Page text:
In each of these moments, enough of us came together to carry all of us forward.

And, we can do so now. 

History, faith, and reason show the way, the way of unity.

We can see each other not as adversaries but as neighbors.

We can treat each other with dignity and respect.

We can join forces, stop the shouting, and lower the temperature.

For without unity, there is no peace, only bitterness and fury.

No progress, only exhausting outrage.

No nation, only a state of chaos.

This is our historic moment of crisis and challenge, and unity is the path forward. 

And, we must meet this moment as the United States of America. 

If we do that, I guarantee you, we will not fail.

We have never, ever, ever failed in America when we have acted together.

And so today, at this time and in this place, let us start afresh.

All of us.

Let us listen to one another.

Hear one another. 
See one another.

Show respect to one another.

Politics need not be a raging fire destroying everything in its path.

Every disagreement doesn’t have to be a cause for total war.

And, we must reject a culture in which facts themselves are manipulated and even manufactured. 

My fellow Americans, we have to be different than this. 

America has to be better than this. 

And, I believe America is better than this.

Just look around.

Here we stand, in the shadow of a Capitol dome that was completed amid the Civil War, when the Union itself hung in the balance. 

Yet we endured and we prevailed.

Here we stand looking out to the great Mall where Dr. King spoke of his dream.

Here we stand, where 108 years ago at another inaugural, thousands of protestors tried to block brave women from marching for the right to vote. 

Today, we mark the swearing-in of the first woman in American history elected to national office – Vice President Kamala Harris.

Don’t tell me things can’t change. 

Here we stand across the Potomac from Arlington National Cemetery, where heroes who gave the last full measure of devotion rest in eternal peace. 

And here we stand, just days after a riotous mob thought they could use violence to silence the will of the people, to stop the work of our democracy, and to drive us from this sacred ground. 

That did not happen.

It will never happen.

Not today. 

Not tomorrow. 

Not ever. 

To all those who supported our campaign I am humbled by the faith you have placed in us.

To all those who did not support us, let me say this: Hear me out as we move forward. Take a measure of me and my heart. 

And if you still disagree, so be it. 

That’s democracy. That’s America. The right to dissent peaceably, within the guardrails of our Republic, is perhaps our nation’s greatest strength.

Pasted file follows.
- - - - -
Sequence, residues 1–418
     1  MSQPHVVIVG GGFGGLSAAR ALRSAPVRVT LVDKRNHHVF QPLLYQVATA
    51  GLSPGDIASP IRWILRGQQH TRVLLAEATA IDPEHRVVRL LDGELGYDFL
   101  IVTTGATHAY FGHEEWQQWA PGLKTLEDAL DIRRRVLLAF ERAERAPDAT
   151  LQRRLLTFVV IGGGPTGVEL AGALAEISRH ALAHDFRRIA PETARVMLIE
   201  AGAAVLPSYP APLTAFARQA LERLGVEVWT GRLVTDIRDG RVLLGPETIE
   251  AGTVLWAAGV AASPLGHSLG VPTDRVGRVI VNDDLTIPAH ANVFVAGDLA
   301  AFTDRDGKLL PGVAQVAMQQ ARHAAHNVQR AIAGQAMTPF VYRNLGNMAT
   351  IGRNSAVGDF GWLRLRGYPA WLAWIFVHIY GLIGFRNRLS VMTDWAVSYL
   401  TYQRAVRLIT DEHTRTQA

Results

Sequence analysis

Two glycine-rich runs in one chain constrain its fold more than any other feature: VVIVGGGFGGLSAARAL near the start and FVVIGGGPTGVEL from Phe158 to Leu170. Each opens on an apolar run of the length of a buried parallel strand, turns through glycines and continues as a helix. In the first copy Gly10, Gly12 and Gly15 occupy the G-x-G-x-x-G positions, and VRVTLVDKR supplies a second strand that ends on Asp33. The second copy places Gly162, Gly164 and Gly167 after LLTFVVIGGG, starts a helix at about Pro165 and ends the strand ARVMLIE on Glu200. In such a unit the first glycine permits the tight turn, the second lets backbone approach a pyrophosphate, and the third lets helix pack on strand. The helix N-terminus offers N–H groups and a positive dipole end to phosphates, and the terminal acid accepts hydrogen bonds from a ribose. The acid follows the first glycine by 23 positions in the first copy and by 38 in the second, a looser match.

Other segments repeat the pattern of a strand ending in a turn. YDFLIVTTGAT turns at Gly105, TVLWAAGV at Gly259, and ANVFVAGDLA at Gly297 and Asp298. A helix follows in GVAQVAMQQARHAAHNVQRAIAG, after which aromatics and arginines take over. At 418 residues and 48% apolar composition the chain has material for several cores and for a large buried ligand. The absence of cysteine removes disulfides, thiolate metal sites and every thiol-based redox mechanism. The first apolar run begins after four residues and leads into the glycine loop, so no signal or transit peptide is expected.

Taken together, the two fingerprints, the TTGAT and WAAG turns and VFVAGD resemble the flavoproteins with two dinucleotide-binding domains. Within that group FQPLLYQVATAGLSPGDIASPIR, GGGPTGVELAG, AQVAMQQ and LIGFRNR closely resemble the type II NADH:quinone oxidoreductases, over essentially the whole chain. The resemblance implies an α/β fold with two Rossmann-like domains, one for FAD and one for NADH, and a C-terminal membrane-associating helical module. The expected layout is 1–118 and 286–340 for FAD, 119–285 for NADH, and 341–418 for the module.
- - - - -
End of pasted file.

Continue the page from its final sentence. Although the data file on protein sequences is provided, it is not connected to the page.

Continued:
Yet hear me clearly: Disagreement must not lead to disunion.

And I pledge this to you: I will be a President for all Americans. 

I will fight as hard for those who did not support me as for those who did.

Many centuries ago, Saint Augustine, a saint of my church, wrote that a people was a multitude defined by the common objects of their love.

What are the common objects we love that define us as Americans?

I think I know.







And, yes, the truth.

Recent weeks and months have taught us a painful lesson.

There is truth and there are lies.

Lies told for power and for profit.

And each of us has a duty and responsibility, as citizens, as Americans, and especially as leaders – leaders who have pledged to honor our Constitution and protect our nation — to defend the truth and to defeat the lies.

I understand that many Americans view the future with some fear and trepidation. 

I understand they worry about their jobs, about taking care of their families, about what comes next.

I get it. 

But the answer is not to turn inward, to retreat into competing factions, distrusting those who don’t look like you do, or worship the way you do, or don’t get their news from the same sources you do. 

We must end this uncivil war that pits red against blue, rural versus urban, conservative versus liberal. 

We can do this if we open our souls instead of hardening our hearts.

If we show a little tolerance and humility.

If we’re willing to stand in the other person’s shoes just for a moment.
Because here is the thing about life: There is no accounting for what fate will deal you. 

There are some days when we need a hand. 

There are other days when we’re called on to lend one.

That is how we must be with one another.

And, if we are this way, our country will be stronger, more prosperous, more ready for the future. 

My fellow Americans, in the work ahead of us, we will need each other. 

We will need all our strength to persevere through this dark winter. 

We are entering what may well be the toughest and deadliest period of the virus. 

We must set aside the politics and finally face this pandemic as one nation.